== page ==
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However, these characteristics do not define a community garden. A community garden can be run by a small group of individuals or a large corporation. It can be maintained by a volunteer group or a professional management team. It can be used for recreational activities or solely for growing food. It can be located anywhere and be any size. These differences make it difficult to define exactly what a community garden is.

However, there are some general characteristics that are shared by most community gardens. One of the first things we should consider when thinking about a community garden is the purpose of the garden. As mentioned above, community gardens can be used for a variety of purposes including:

  • Recreation
  • Education
  • Food production
  • Social interaction
  • Artistic expression
  • Health promotion
  • Conservation

What Are the Physical and Social Benefits Community Gardens Provide?

Community gardens provide both physical and social benefits beyond the aspect of gardening. There are many benefits that can help a cross-section of the community.

One of the original aims of community gardens was to help those with low incomes grow food. This purpose remains strong and a community garden is still a great place to grow a wide variety of healthy foods, including fruits and vegetables, of all types. This can be a great way to kick start a healthier eating pattern and replace cheap highly processed foods that families with tight budgets are often forced to buy.

From a wider perspective is a great way to get people to interact and spend time together. It encourages people get out of their homes and spend time in a natural environment. These gardens can also play an important role as opportunities for social interaction or the elderly, disabled, and those who are often housebound presenting a fantastic to feel involved.

What Is a Community Garden

Physical benefits of community gardening

Of course one of the most useful benefits is that these gardens can help people stay in shape, as gardening provides physical exercise and can burn plenty of calories. This can lead to a reduction in BMI[1] which is likely to bring with it an overall improvement in physical health. For those to those who might not otherwise get as much exercise and have little or no yard space, community gardens can provide this opportunity.

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Mental Health Benefits of Community Gardening

There are also considerable mental health benefits that come with gardening. These include reducing stress and increasing self-esteem. More and more research shows that being in nature, especially gardening is good for one’s mental health. Japanese research found that looking at plants affected EEG records and decreased stress, anxiety, anger, and melancholy.[2]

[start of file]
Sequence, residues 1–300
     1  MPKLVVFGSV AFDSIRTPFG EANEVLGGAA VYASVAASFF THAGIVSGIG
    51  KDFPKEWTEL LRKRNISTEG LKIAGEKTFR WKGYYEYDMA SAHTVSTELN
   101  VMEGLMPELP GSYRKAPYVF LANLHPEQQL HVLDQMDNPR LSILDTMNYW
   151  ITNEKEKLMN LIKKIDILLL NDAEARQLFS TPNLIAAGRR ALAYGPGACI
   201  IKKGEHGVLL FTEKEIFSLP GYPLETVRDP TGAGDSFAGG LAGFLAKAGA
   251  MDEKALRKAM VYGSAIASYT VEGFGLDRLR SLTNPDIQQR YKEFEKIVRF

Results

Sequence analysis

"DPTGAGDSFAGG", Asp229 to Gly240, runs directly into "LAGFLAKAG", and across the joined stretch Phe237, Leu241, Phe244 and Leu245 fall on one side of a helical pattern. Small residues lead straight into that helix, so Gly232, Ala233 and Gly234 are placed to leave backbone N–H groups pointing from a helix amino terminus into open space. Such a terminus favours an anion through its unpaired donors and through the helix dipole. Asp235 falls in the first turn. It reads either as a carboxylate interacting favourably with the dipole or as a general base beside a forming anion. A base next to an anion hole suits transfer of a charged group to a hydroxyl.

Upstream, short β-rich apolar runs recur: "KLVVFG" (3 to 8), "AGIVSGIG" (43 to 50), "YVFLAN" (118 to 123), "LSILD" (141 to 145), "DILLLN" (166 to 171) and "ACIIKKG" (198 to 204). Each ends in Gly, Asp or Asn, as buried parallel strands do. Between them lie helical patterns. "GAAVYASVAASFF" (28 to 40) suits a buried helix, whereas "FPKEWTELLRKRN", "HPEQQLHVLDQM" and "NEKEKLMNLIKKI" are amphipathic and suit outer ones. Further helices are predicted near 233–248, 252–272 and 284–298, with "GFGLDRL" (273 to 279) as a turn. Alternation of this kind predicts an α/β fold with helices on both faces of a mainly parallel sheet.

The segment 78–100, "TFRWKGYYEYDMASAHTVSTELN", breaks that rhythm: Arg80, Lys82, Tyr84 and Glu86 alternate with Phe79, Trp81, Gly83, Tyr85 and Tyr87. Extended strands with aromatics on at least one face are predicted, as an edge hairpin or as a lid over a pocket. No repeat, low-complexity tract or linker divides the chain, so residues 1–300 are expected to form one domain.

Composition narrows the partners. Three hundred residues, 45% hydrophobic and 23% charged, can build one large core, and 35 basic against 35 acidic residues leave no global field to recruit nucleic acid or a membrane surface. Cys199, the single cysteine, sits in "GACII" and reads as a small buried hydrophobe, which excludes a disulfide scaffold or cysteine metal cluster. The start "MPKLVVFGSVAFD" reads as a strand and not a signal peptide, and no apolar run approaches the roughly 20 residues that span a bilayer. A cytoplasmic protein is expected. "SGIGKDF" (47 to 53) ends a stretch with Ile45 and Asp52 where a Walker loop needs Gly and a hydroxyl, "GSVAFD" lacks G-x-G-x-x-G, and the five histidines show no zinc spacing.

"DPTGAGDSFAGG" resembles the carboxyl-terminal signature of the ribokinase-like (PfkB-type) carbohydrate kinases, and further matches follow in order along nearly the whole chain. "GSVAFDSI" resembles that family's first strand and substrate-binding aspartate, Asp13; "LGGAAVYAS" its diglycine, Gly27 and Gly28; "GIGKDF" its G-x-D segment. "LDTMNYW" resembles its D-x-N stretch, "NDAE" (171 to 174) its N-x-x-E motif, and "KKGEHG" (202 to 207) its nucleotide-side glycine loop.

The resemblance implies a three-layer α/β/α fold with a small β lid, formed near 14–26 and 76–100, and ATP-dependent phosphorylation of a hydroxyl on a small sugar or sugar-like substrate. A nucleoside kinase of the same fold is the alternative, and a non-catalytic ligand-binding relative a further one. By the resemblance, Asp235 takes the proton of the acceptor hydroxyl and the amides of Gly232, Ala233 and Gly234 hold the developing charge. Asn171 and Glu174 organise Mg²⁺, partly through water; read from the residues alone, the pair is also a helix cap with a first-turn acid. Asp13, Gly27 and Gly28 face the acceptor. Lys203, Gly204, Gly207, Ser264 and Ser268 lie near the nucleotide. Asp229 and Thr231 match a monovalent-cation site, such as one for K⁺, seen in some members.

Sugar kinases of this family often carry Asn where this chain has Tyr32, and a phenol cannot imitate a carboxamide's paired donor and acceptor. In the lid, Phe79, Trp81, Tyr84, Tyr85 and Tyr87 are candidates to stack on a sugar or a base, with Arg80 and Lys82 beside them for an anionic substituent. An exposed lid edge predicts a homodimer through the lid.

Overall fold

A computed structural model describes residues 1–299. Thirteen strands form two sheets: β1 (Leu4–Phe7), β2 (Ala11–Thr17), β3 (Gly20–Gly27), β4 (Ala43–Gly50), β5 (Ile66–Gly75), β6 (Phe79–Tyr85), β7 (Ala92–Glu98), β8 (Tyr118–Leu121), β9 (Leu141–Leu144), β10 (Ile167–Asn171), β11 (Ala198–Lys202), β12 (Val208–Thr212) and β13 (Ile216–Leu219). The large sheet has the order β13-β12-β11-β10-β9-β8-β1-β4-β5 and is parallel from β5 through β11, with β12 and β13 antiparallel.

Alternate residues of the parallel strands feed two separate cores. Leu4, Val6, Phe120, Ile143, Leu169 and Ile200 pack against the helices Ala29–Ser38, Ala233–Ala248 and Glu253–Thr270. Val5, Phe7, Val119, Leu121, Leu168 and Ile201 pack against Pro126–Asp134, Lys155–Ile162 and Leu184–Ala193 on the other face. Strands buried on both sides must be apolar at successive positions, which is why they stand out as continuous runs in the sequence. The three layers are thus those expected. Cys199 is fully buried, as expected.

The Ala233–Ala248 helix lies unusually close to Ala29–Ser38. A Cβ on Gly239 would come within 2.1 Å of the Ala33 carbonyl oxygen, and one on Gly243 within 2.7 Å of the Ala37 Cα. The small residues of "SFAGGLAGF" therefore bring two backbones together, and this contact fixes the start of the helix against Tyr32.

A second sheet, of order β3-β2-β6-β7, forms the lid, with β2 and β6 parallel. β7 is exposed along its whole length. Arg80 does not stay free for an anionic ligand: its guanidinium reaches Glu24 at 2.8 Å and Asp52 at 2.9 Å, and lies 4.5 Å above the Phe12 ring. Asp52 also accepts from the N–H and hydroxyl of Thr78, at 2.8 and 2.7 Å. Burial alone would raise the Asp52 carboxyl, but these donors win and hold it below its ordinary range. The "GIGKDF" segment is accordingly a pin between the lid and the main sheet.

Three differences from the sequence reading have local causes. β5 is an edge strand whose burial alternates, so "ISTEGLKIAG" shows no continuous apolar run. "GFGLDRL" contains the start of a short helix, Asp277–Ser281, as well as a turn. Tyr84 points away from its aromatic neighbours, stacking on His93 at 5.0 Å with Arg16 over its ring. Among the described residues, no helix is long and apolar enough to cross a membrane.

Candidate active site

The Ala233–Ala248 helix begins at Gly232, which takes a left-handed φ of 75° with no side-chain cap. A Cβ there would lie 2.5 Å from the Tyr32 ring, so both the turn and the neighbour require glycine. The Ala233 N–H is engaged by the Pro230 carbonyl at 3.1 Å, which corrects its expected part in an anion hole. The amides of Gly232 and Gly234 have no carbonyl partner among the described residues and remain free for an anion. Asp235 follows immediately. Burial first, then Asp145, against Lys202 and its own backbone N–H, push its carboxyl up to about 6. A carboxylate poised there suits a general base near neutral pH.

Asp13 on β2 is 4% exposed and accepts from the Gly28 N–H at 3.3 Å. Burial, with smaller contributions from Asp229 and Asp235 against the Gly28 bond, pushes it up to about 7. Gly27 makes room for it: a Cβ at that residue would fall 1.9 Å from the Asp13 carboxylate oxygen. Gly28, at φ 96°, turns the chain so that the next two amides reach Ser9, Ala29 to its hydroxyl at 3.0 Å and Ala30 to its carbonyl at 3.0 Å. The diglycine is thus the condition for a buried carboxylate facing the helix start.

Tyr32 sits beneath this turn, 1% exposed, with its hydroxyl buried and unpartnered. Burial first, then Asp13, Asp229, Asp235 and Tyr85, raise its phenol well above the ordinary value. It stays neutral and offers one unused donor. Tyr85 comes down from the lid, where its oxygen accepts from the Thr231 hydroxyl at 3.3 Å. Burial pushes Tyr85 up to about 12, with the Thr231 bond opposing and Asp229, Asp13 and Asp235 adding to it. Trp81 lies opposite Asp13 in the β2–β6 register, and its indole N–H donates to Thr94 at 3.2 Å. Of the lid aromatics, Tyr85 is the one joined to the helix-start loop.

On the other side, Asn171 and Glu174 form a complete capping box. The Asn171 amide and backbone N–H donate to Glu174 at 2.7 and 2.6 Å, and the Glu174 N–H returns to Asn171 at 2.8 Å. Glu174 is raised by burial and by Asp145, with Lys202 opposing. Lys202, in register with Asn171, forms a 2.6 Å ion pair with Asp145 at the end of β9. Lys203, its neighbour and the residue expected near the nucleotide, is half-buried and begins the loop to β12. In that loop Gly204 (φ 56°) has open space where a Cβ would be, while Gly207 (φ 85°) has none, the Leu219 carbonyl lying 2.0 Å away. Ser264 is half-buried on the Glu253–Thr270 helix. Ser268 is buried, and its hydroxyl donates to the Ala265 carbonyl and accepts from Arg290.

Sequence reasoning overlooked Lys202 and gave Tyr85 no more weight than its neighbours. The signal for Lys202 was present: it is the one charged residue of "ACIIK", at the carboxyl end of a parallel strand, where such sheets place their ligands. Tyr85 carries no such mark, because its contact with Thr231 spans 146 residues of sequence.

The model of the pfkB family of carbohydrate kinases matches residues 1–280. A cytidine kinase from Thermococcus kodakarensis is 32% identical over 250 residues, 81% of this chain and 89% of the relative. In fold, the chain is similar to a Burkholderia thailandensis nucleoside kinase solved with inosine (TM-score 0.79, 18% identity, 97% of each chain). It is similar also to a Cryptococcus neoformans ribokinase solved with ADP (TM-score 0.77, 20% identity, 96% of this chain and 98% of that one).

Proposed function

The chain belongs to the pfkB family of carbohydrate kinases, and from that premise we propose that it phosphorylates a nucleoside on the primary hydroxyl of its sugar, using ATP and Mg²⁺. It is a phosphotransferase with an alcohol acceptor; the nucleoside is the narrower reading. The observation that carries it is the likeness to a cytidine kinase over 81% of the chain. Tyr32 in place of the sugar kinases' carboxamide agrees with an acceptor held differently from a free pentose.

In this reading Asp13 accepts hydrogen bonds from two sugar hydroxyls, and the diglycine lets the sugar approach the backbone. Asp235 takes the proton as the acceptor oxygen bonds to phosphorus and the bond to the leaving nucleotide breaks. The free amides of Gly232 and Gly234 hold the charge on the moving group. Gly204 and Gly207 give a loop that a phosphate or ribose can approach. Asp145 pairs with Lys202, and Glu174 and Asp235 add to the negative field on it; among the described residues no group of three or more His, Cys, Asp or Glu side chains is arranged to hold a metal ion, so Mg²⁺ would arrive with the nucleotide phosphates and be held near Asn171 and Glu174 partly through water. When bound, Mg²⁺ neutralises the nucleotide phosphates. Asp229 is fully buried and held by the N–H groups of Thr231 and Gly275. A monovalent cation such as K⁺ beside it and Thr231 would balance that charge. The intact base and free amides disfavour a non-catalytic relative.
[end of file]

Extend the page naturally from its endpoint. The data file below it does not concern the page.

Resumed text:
Reviving the Urban Landscape

The benefits of community gardening are not just confined to social and physical benefits, they can have industrial and landscaping benefits too. They provide options for revitalising old industrial/brownfield sites or other parcels of land that may have fallen into disuse.

The effect that can have on the landscape can also be important turning ugly sites into well-tended areas full of thriving vegetation of various types and improving the tone of the areas the gardens are situated. As such community gardens have become important components of urban landscapes.

Summary: What Is Community Gardening

Community gardens have an enormous amount of upsides both for those that use them, in terms of having garden space coupled with the physical and mental health benefits and also to the community at large with landscape improvements.

Community gardens are a great way to connect with your neighbors and build relationships, share your time, and knowledge, or be a place to gain said knowledge. They become resources and lead to the creation of beautiful spaces.

Commonly Asked Questions

How does a community garden differ from a regular garden?

The main difference between a community garden and a traditional garden is that the community garden is generally open to anyone who wants to participate. In a traditional garden, such as a residential yard, only those who have own or have permission/access to the land can use it


1] Ulrich Schmutz, Coventry University, Garden Organic and Sustain: The benefits of gardening and food growing for health and wellbeing

[2] Nakamura R. Fujii E., Techn Bull Fac Hort Chiba University:  Studies of the characteristics of the electroencephalogram when observing potted plants.